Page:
We conclude that single-agent bevacizumab has significant biologic and antiglioma activity in patients with recurrent glioblastoma.
Although endolymphatic sac tumors (ELSTs) frequently destroy the posterior petrous bone and cause hearing loss, the anatomical origin of these neoplasms is unknown. To determine the precise topographic origin of ELSTs, the authors analyzed the imaging, operative, and pathological findings in patients with von Hippel–Lindau disease (VHL) and ELSTs.
Consecutive VHL patients with small (≤ 1.5 cm) ELSTs who underwent resection at the National Institutes of Health were included. Clinical, imaging, operative, and pathological findings were analyzed.
Ten consecutive VHL patients (6 male and 4 female) with 10 small ELSTs (≤ 1.5 cm; 9 left, 1 right) were included. Serial imaging captured the development of 6 ELSTs and revealed that they originated within the intraosseous (vestibular aqueduct) portion of the endolymphatic duct/sac system. Imaging just before surgery demonstrated that the epicenters of 9 ELSTs (1 ELST was not visible on preoperative imaging) were in the vestibular aqueduct. Inspection during surgery established that all 10 ELSTs were limited to the intraosseous endolymphatic duct/sac and the immediately surrounding region. Histological analysis confirmed tumor within the intraosseous portion (vestibular aqueduct) of the endolymphatic duct/sac in all 10 patients.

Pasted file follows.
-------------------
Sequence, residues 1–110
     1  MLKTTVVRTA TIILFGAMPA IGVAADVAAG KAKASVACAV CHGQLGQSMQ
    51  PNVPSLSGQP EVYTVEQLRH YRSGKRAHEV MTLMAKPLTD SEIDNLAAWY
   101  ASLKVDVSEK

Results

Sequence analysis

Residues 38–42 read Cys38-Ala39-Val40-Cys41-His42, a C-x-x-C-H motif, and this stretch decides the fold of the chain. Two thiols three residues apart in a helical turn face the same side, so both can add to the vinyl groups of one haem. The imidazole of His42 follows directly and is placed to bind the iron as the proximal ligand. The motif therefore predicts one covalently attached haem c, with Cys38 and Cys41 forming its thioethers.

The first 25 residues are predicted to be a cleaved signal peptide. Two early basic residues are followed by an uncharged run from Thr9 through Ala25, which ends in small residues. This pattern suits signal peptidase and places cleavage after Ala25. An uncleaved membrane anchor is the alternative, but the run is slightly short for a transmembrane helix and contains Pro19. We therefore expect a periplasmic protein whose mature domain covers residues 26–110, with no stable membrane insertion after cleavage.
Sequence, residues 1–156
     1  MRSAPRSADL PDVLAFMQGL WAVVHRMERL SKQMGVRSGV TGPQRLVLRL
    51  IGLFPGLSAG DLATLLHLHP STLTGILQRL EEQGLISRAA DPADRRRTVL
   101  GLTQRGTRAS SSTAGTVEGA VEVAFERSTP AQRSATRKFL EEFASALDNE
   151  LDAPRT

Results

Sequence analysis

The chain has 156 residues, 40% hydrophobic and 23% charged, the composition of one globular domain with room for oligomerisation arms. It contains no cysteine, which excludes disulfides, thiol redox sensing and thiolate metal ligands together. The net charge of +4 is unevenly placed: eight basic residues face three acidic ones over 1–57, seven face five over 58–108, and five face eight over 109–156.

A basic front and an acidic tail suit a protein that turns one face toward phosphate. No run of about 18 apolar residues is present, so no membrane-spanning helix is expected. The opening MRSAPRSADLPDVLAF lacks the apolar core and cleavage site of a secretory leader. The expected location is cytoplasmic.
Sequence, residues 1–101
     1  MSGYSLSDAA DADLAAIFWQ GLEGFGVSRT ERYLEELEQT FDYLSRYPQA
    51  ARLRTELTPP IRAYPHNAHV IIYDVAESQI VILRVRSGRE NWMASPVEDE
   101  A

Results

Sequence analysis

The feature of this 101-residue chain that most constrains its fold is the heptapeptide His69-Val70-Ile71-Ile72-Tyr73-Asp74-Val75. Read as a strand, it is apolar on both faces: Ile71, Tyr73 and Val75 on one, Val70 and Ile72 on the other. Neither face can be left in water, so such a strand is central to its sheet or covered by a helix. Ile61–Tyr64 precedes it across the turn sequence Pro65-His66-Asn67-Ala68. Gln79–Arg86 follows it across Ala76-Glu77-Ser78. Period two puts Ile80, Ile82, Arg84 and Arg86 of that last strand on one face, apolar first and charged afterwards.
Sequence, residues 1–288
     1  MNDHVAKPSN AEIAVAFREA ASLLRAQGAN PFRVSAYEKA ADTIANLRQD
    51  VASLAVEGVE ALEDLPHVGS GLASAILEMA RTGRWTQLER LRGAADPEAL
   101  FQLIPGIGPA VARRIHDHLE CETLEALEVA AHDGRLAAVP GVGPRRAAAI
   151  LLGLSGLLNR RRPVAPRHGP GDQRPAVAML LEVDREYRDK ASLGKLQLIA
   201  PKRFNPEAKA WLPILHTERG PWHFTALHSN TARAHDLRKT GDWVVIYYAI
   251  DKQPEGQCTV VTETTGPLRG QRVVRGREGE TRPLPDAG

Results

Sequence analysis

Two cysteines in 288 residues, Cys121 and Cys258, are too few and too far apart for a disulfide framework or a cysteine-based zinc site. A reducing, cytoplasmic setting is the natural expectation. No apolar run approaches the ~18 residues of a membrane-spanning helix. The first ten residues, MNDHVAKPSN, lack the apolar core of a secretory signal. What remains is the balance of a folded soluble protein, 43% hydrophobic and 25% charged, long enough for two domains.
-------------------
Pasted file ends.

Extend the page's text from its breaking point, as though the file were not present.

ELSTs originate from endolymphatic epithelium within the vestibular aqueduct. High-resolution imaging through the region of the vestibular aqueduct is essential for diagnosis. Surgical exploration of the endolymphatic duct and sac is required for complete resection.
anatomy; endolymphatic sac tumor; origin; pathology; vestibular aqueduct
Hemangioblastomas are frequently associated with peritumoral edema caused by extravasation of plasma ultra-filtrate through permeable neoplastic vessels. The authors report the clinical and imaging findings in a 62-year-old man with von Hippel–Lindau disease who presented with rapid (within 24 hours) loss of color vision and near-complete loss of left eye vision (acuity too poor to test). Serial MR imaging demonstrated a stable vascular tumor in the medioinferior aspect of the left optic nerve, associated with progressive edema extending from the nerve through to the bilateral optic radiations. Complete resection of the lesion was performed via an extended transsphenoidal approach, and histological examination confirmed the lesion was a hemangioblastoma. Postoperatively, the patient recovered color vision and had improvement in visual acuity (20/320). Serial imaging in this unique case captured the progressive extravasation of peritumoral edema that tracked and defined the parallel white matter tracts of first- and second-order neurons of the optic system, causing vision loss. Tumor resection led to resolution of the edema and improvement in visual function.
edema; hemangioblastoma; optic nerve; tumor; von Hippel‒Lindau disease